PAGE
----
Belgium and the Netherlands, irritated by their exclusion from President Reagan's proposed presummit meeting with the leaders of five industrialized nations, said today that they have asked for a special NATO foreign ministers' council as the "appropriate" forum for discussing East-West relations before Reagan's talks with Soviet leader Mikhail Gorbachev.

The Belgian-Dutch initiative was the second setback this week for Reagan's efforts to show western unity before the November summit meeting in Geneva.

France, in a move officials described as an assertion of political independence, declined Reagan's invitation yesterday.

The initiative also showed the Dutch government's strong reaction to being left out of a key meeting on arms control just before the country is set to make the sensitive decision whether to deploy NATO cruise missiles, officials said.

Belgian Foreign Minister Leo Tindemans, in consultation with his Dutch counterpart, Hans van den Broek, sent a letter yesterday to Secretary of State George P. Shultz requesting the NATO meeting "around Oct. 24 in New York," the date and location of Reagan's proposed talks with the leaders of Britain, Canada, Italy, West Germany and Japan, a Belgian Foreign Ministry spokesman said.

He added that "at the moment" his proposal did not include participation by Reagan.

"Belgium thinks the appropriate framework for examining East-West relations remains in NATO," said the Foreign Ministry spokesman.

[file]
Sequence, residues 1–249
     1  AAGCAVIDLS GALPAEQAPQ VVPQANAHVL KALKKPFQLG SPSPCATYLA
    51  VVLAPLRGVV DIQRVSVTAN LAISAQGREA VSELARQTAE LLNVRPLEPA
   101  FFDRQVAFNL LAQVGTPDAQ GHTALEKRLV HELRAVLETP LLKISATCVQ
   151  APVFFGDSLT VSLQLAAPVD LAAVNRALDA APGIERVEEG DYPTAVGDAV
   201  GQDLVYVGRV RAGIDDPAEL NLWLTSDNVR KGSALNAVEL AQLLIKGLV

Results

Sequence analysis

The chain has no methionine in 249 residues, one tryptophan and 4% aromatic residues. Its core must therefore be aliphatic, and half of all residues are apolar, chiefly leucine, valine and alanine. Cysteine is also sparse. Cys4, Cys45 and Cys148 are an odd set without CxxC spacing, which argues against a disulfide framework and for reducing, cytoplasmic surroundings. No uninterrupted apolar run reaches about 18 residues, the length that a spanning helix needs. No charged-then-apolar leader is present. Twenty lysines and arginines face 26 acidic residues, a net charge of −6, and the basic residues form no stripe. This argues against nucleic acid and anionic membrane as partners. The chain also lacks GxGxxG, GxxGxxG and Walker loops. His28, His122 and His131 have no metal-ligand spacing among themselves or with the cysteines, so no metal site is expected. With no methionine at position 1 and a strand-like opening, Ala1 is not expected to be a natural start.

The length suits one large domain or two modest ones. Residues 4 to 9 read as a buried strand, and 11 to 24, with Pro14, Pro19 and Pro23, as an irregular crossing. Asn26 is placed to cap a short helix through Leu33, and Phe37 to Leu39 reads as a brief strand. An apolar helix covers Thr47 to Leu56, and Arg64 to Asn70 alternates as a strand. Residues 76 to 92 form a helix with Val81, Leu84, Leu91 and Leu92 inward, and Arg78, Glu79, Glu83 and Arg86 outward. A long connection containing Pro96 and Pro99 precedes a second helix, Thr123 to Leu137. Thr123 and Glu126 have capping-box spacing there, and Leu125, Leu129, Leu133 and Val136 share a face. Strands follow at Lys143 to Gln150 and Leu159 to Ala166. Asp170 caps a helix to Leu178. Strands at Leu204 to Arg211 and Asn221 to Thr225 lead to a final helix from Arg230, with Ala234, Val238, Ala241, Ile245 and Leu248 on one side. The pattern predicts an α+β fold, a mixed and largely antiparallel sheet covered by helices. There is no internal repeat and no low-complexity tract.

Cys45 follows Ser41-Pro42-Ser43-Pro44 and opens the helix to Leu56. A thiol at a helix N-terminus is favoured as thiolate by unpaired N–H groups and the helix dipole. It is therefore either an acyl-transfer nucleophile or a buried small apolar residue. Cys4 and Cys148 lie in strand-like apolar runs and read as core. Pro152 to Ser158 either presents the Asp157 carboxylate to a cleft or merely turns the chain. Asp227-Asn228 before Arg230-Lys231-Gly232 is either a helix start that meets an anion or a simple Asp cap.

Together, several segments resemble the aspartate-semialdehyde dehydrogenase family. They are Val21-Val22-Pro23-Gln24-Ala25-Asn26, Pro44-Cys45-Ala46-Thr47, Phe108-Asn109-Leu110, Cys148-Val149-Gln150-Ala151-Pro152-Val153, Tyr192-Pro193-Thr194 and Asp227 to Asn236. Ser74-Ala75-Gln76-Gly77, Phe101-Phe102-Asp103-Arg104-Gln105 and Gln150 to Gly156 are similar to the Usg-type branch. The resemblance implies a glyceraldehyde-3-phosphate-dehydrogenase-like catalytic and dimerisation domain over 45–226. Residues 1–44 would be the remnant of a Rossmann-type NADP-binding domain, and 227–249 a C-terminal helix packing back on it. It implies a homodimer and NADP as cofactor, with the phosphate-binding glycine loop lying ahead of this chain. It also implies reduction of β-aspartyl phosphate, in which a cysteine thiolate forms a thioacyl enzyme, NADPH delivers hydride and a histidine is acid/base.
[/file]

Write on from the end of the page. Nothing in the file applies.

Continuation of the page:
Belgian and Dutch sources emphasized that the unusual initiative reflected the two countries' perception that the United States was being insensitive to their political situations.

The move also symbolized the frustrations of small countries in the alliance, who sometimes feel NATO affairs are dominated by its larger partners.

The center-right government of Belgian Prime Minister Wilfried Martens, acting in the face of strong public opposition, went ahead with the deployment of NATO nuclear cruise missiles earlier this year.

The government coalition faces a tight election Oct. 13. Its socialist opponents have taken a stand against the missiles.

The Belgian government, one Belgian source said, took "considerable political risks" by deploying and now finds itself being left out of a major meeting on arms control.

The Netherlands, which is to decide Nov. 1 whether to deploy the 48 NATO cruise missiles it has been assigned, has an even more powerful domestic antimissile movement. The center-right government, itself divided over the wisdom of deployment, is expected to approve installation but only after publicly outlining conditions on the use of the weapons.

A Dutch source in The Hague said that the government was "really irked" at being left out of Reagan's proposed meeting and that the exclusion would not help the government convince the public of the need for deployment.

Dutch Prime Minister Ruud Lubbers sent a letter to Parliament yesterday in which he described the deployment agreement that would be made between the United States and the Netherlands.

The Dutch version of the agreement basically restates the standard NATO procedures for the command and control of nuclear weapons, which put the weapons under the final control of the NATO supreme commander, Gen. Bernard Rogers, diplomatic sources in The Hague said.

The Dutch government has outlined the agreement to refute charges by the opposition Labor Party that the United States would in reality decide when to use the weapons, the sources said.

The government argues that it would be consulted under NATO procedures